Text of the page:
[alt-photo] Re: Coating Silver Chloride Paper - Similar to AZO?

Don Bryant donsbryant at gmail.com
Sun Mar 11 23:09:10 GMT 2012


Have you tried the Slavich graded papers from Freestyle? A friend in
Wisconsin, who is a very good printer, recommends their products as an
alternative to AZO (he is very familiar with AZO). It's a projection speed
paper but works fine for contact printing. Try some with Ansco 130 developer
and I think you will be quite pleased. The other plus for thes paper is that
it is sold in different grades. I don't know if will respond to split ater
bath development like AZO but it's probably worth a try.

If the rabble on APUG is to be trusted, Slavich rates as a good paper at
reasonable cost. And it ships from the west coast!


-----Original Message-----
From: alt-photo-process-list-bounces at lists.altphotolist.org
[mailto:alt-photo-process-list-bounces at lists.altphotolist.org] On Behalf Of
Francesco Fragomeni
Sent: Saturday, March 10, 2012 3:49 PM
To: The alternative photographic processes mailing list
Subject: [alt-photo] Re: Coating Silver Chloride Paper - Similar to AZO?

Just did a Google search for sources for baryta paper. Could something like
the widely available Hahnemuhle baryta papers be used? Would coating be
approached differently with baryta?


On Sat, Mar 10, 2012 at 1:46 PM, Francesco Fragomeni
<fdfragomeni at gmail.com>wrote:

> Etienne,
> Thanks for your thoughts. You touched on some of my initial concerns. I
> couldn't imagine a homemade emulsion laying down and producing a truly
> AZO-like result without a lot more involved. I've been asking around to
> if anyone has any images made using this handmade emulsion that is being
> taught but so far I've seen nothing.
> What is involved with coating Pt/Pl on baryta paper? Is baryta readily
> available from some commercial source?
> -Francesco
> On Sat, Mar 10, 2012 at 12:49 PM, etienne garbaux <
> photographeur at nerdshack.com> wrote:
>> Francesco wrote:
>>  what is involved with making and coating one's one silver
>>> chloride paper.   *   *   *
>>> Also, I've read that making a silver chloride emulsion is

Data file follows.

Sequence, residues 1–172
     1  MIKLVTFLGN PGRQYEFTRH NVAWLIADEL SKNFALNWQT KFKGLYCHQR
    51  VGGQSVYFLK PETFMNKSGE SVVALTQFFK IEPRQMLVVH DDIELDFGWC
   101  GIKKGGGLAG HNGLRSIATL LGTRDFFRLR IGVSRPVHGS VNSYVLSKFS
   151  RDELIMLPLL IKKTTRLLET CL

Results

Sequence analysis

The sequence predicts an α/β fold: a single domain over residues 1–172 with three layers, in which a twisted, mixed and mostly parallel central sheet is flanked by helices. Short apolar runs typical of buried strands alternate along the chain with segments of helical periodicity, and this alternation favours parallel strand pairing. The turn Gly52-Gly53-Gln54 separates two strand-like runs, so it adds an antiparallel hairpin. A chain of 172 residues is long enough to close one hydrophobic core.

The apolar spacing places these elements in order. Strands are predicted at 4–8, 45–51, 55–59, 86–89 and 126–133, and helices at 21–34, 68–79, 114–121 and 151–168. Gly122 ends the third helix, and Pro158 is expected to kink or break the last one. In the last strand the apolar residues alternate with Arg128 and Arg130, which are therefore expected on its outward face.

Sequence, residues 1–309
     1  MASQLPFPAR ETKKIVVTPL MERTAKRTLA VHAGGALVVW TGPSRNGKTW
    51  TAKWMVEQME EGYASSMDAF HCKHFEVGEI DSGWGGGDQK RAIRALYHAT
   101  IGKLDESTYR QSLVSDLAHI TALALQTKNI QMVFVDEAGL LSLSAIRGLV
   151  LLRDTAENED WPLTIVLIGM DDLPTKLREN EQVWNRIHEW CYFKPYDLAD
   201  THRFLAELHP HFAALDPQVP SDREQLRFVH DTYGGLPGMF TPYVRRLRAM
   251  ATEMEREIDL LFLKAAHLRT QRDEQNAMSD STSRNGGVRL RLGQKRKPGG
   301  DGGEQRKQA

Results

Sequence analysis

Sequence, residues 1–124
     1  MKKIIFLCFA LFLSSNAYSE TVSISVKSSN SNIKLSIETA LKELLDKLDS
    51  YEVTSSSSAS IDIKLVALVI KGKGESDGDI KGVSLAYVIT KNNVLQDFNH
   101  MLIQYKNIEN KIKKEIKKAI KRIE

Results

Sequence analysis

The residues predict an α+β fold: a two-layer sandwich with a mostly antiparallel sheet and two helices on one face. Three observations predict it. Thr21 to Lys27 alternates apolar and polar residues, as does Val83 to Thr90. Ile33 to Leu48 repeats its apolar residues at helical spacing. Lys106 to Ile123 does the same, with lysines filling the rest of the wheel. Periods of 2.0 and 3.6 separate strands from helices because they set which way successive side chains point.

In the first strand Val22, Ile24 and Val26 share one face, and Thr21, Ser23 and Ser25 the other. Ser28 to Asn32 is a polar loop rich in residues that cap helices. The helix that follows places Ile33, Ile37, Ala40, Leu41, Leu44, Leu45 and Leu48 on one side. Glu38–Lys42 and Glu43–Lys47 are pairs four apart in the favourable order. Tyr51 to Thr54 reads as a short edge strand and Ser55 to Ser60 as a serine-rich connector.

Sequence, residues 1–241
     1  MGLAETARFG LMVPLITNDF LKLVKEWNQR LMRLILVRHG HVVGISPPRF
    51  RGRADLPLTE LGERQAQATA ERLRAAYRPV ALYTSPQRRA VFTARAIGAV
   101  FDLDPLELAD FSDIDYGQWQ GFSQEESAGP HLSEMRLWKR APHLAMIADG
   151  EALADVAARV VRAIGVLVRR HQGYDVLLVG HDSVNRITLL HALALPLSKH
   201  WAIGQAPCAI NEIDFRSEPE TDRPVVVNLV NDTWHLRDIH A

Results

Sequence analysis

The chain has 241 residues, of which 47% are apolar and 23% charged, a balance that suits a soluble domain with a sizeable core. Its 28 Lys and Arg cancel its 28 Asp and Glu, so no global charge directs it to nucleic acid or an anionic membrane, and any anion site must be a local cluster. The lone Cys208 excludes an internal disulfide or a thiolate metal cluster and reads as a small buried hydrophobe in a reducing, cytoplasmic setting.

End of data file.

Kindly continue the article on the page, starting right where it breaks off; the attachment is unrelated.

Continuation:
>>> actually quite simple (completely relative) and that people have
>>> successfully replicated AZO-like emulsions on their own. Can
>>> anyone speak to this?
>> I have extensive experience (for an amateur) making and coating S-G
>> emulsions for both in-camera and darkroom-speed materials.  Chloride
>> emulsion is relatively easy, as you mentioned -- but there are many
>> of "relative," and making any S-G emulsion ranks very near the top (just
>> under the relatively easiest DIY neurosurgery).  You need to control
>> temperature to 0.1 C (and not just static, but the profile of ramping
>> temperature over time), time to seconds, and flow rates to very tight
>> tolerances to get anything resembling repeatable results.  Also, no
>> how good your emulsion is, you will never get prints that look like Azo
>> unless you make a coating machine capable of laying down a very even
>> of emulsion, and use it in a dust-free clean room.  You will also need a
>> source of baryta paper, or you will need to make your own.
>> The best start I know for someone interested in beginning to make and
>> coat S-G emulsions is the manual James Browning wrote about making Dye
>> Transfer Matrix Film.  Of course, it covers many things peculiar to that
>> process as well as the basics (emulsion making and coating).  One version
>> is here:
>> >.
>> If you want an alt process that gives very sharp resolution like
>> commercial S-G papers, with the long-scale beauty of Azo or printing-out
>> paper, but does not require two rooms dedicated to making the materials,
>> try Pt or carbon.  Both can be printed on baryta paper for a very bright,
>> high resolution result.  I would suggest monochrome Dye Transfer, which
>> a breathtakingly beautiful process, but for that you would need to make
>> Matrix Film....
>> Best regards,
>> etienne
>> ______________________________**_________________
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